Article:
|One of the littles when he was very little, building a gingerbread train|
Thanksgiving: fourth Thursday of November and YES!! Bingo! This is a holiday, people! Totally bona fide. A harvest festival. All about it. Eat, drink, and give thanks. We had a great feast yesterday. I didn't even need dinner last night. YUM!
Black Friday: NO. This is not a holiday. I know it's hard to believe it, since it is heralded with more fanfare than Thanksgiving, but it's true. It's a Madison Avenue manufactured event. It annoys me that it even has a name. I know you may feel like you deserve a treat because you did battle for that Darth Vader Pez dispenser and had to wait in line for an hour at Kohl's, but it's still not a holiday. You're probably hungry and tired, though, so just have leftovers from yesterday.
Cyber Monday: Lord, have mercy. This is even less of a holiday than Black Friday. And you don't deserve any treats because you didn't even have to walk around to do your shopping. You planted your bottom on a chair and pressed buttons. No treats. Sorry.
December 1st. Well, this is the first day of Advent. This is a beautiful time of reflection and thinking about Jesus being the reason for the season, etc. If it helps you to think about Jesus, then go ahead and have a square of chocolate everyday for the next twenty-four days. If it becomes a little too habit-forming, don't worry. Lent is right around the corner!
December 6th: This is the feast of St. Nicholas, aka 'Santa Claus.'If you grew up calling your grandfather 'Opa' then this is a big deal for you. Enjoy that orange in your shoe!
December 8th: Nope. No holiday. It's just Tuesday. Put down the cookie.
December 6th-14th: This is Hanukkah. I'm not Jewish so I'm not really clear on how much treats factor into Hanukkah, except for the gelt, which is chocolate shaped into coins with gold foil wrappers. Personally, I have never had chocolate coins that were worth eating. They are never made from good quality chocolate, so I'd give it a pass. I mean, if you're going to have treats, have the good stuff, right?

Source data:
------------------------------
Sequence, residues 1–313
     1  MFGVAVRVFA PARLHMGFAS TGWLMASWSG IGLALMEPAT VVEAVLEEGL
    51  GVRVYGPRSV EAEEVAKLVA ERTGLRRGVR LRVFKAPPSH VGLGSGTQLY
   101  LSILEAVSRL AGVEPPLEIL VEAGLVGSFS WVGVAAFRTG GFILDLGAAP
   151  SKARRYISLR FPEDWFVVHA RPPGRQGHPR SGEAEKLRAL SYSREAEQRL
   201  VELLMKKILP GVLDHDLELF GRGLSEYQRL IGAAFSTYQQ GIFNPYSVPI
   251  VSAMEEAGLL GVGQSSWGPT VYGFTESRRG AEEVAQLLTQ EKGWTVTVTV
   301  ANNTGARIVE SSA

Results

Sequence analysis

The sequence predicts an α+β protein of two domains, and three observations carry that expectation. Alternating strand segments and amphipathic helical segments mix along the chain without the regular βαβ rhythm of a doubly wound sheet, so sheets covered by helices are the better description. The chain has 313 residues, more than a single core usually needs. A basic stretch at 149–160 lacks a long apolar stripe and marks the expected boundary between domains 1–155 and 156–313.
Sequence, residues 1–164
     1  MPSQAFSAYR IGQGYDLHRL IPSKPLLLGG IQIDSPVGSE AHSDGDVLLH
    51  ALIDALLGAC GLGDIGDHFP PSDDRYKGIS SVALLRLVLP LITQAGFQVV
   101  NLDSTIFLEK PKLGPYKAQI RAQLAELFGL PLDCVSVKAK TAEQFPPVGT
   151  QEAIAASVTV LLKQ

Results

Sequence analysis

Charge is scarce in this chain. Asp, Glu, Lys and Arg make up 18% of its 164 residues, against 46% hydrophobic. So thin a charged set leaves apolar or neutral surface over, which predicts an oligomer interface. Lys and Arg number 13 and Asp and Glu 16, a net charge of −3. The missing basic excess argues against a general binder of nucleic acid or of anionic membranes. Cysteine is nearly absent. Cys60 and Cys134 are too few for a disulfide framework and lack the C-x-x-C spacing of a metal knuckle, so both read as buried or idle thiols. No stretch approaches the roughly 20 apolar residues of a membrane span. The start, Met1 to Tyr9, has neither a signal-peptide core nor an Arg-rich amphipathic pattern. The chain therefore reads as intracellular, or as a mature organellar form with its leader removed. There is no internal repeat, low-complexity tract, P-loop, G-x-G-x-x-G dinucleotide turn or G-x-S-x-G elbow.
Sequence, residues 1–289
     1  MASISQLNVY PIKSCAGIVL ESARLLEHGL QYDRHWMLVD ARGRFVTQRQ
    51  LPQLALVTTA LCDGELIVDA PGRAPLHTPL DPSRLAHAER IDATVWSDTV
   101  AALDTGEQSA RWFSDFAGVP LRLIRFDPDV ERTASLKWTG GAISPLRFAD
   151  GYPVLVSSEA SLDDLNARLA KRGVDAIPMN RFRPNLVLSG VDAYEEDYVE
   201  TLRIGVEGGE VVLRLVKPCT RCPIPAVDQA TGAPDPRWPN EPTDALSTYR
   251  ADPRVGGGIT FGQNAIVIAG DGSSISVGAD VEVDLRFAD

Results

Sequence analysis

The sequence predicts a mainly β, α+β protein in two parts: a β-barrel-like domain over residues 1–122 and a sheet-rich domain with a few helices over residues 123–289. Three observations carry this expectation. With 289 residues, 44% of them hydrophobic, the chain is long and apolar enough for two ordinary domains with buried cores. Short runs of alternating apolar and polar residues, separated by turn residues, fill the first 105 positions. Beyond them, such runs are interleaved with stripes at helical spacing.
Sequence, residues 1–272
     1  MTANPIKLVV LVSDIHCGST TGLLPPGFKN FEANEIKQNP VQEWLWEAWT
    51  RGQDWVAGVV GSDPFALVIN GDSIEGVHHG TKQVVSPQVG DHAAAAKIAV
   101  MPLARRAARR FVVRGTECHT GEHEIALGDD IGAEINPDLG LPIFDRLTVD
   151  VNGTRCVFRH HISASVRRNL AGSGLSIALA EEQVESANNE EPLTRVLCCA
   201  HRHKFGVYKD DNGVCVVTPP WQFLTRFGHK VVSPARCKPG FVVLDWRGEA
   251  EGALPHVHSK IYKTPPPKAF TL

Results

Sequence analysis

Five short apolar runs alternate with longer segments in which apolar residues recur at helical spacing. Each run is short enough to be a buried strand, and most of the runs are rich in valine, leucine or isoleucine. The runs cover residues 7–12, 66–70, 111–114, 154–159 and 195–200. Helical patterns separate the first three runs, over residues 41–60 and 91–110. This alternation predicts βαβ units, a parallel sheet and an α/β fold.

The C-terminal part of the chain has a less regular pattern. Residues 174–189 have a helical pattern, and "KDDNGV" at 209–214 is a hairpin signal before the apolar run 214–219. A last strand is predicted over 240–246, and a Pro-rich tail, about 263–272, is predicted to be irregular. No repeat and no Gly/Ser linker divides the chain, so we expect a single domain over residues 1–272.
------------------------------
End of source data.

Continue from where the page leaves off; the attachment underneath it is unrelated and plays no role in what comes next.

December 14th: I'm going to rant for a second:
THIS IS NOT THE FIRST DAY OF CHRISTMAS! OH MY GOOD GRIEF. Every year some marketer tries to sell us stuff--literally--for the twelve days preceding Christmas day. DON'T BUY IT. I mean, seriously--don't buy it.
Lord knows I love America as much as the next daughter of a veteran, but I really, really despise how American marketers will try to make a buying opportunity out of every cotton pickin' thing they can. In this case, it is SIMPLY WRONG. The Twelve Days of Christmas start on CHRISTMAS. They end on Twelfth Night--January 5th. I'll get to that later, but please, do not think that the 14th is a holiday because it ISN'T. It's just marketing. Grrr!
December 24th: Ding ding ding! Yes! Holiday fer shur!! Bottoms up!
December 25th: WHOA! HOLIDAY!!! Holy-day! Which is where the word 'holiday' comes from, you know. Eat, drink, be merry, etc.
December 26th: Boxing Day. If you're from a commonwealth nation, yay! Totally qualifies as a holiday. For the rest of us it means going out to buy wrapping paper at 50% off.
December 26th-January 1st: This is Kwanzaa. I actually didn't realize this was a multi-day event. I also didn't realize it was invented in 1966. Kind of makes me wonder, how many people actually grew up celebrating Kwanzaa? I don't know, is this is a holiday? If you are of African decent, please write and tell me what you eat. I thought Kwanzaa might have involved jumping over brooms, which sounds like a nice activity after all the eating at Christmas, but apparently that's just at weddings.
December 31st: New Year's Eve. Holiday. I'll be tucked in by 9.30 in my fuzzy blue robe, but if you're a fan, this definitely qualifies.
January 1st: New Year's Day. Win!! Enjoy a nice brunch rich in vitamin G.
January 5th: As previously mentioned, this is Twelfth Night. You can party it up. Definitely. Especially if you managed to find a yule log that actually burned for twelve days.
January 6th: The Feast of Epiphany, or Three Kings Day. This is a holiday, especially if you call your grandfather 'abuelo,' Spanish kids actually get their presents on January 6th. The Three Kings bring them. There is a traditional cake for Epiphany made in France called a 'galette des rois.' It's yummy flaky pastry with an almond paste filling. If you can find one, enjoy!
After that, the party's over. Yes, there are a lot of holidays in this brief period, but really--unless you're a Jewish Scandinavian Christian Spanish African, you're probably not hitting everything on this list. Then again, maybe you are? In which case, you are indeed an American! Just don't call December 14th the first day of Christmas, ok?